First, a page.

Do I Need Salt? Life or Death?
      What Salts Are Best?

    • This recipe is AMAZING! I made some a few weeks ago and just opened the jar. I can’t remember if I followed the recipe to the letter, but if not, I was awfully close. Thank you so much!

      I don’t even like green beans! At all! But I had some on hand so decided to look for a lacto-ferment recipe, and found your site.

      Yum yum yum!!!

  11. Hi Shannon!
    I thought I was the only one who lactofermented green beans (we call them Dilly Beans)!

    I just wanted to say that I’ve never blanched my beans when lactofermenting, but then again, they were processed within hours of picking out of the garden, so maybe that’s why we never had the sliminess issue you spoke of. Our dilly beans have always come out crisp and yummy. I add a grape leaf in each jar to help maintain crispness as well.

    Mmmm.Can’t wait until summer!

    • Thanks for the info Jami! My green beans didn’t do too well in my garden last year so I’ve never gotten to try “fresh-picked” beans. I know we really enjoy the lacto-fermented green beans in my house.

  12. jarider48 says

    Must you blanch the green beans…want to keep the enzymes intact??

    • Blanching the beans is very important. Like all other legumes, they contain lectins (string beans specifically contain a lectin called PHA). Lectins are known for causing all sorts of issues, such as damage to the intestines etc. Thus the quick “blanching” takes care of this.

      • The whole idea of lacto fermentation is to remove and break down these proteins.


        • Richard, I understand what the paper you’re referring to is stating. Sometimes what is written on paper does not match real life.

          I’ve tried lacto-fermenting the beans both ways, with blanching and without blanching.

          The beans done without blanching first did not come out well at all. They were mottled in color, mushy, slimy, and really inedible.

          The beans done with a quick blanching first came out well everytime. There was no discoloration, the taste was great, and the beans stayed fairly crisp.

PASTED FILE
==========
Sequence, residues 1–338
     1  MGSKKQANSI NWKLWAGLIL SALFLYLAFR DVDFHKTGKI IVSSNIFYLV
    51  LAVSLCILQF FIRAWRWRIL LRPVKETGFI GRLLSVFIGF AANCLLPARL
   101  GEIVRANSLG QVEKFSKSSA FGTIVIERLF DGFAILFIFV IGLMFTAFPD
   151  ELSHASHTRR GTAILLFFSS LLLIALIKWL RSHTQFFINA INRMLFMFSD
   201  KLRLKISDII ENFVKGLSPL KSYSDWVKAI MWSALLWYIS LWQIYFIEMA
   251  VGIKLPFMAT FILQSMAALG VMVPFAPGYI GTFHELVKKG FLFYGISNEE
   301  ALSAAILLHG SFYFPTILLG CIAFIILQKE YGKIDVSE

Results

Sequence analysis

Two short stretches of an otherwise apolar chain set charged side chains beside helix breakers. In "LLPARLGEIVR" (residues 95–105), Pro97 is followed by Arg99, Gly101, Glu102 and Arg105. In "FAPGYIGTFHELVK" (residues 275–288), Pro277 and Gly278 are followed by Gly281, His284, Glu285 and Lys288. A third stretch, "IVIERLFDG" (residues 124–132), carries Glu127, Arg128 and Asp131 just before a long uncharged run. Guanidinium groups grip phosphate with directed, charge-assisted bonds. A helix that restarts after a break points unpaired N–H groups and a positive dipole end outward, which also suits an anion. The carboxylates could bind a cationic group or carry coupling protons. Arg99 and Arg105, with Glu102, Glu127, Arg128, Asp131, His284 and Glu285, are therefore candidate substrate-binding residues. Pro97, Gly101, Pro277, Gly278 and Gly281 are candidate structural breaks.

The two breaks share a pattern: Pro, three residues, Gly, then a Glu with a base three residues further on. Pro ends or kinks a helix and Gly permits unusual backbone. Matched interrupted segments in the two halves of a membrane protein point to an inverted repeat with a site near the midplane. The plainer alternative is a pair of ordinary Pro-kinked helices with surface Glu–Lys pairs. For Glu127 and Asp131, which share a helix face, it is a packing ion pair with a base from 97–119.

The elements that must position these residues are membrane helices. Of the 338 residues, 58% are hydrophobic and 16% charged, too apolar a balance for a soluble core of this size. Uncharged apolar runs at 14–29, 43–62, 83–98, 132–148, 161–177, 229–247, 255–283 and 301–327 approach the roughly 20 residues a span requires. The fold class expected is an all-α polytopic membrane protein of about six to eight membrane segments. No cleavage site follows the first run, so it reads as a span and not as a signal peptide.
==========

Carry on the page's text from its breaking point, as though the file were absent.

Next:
So while I ultimately would have loved to do the beans without the blanching process, real life steps in. 🙂

  13. Brenda Cummings says

    I’m not seeing any whey in this recipe and wonder if that is an oversight, or if it doesn’t need any. I’m thinking it would for it to be “lacto fermented”. Please respond as I am hoping to do these tonight and it will be my first try. I’d like to do it right! Thanks!!

    • Whey is not always needed for lacto-fermentation. The term “lacto-fermentation” refers to the creation of lactic-acid by friendly bacteria in the fermentation process.

      There is no oversight in the recipe, so please go ahead with it confidently 🙂

      See the following article on The Methods of Lacto-fermentation for greater detail on the lacto-fermentation process.


  1. […] the first week, I made lactofermented green beans. I tasted them and they were very dilly and garlicky, but kind of effervescent. I’m not sure […]

  2. […] didn’t think I had anything in the garden that would work with this method until I discovered this recipe for green bean “pickles.”  And not a moment too soon because our garden is FULL of […]

  3. […] also made some pickles, including these fermented “pickled” green beans. They were interesting. It seemed like they fermented differently than the kraut. At one point, I […]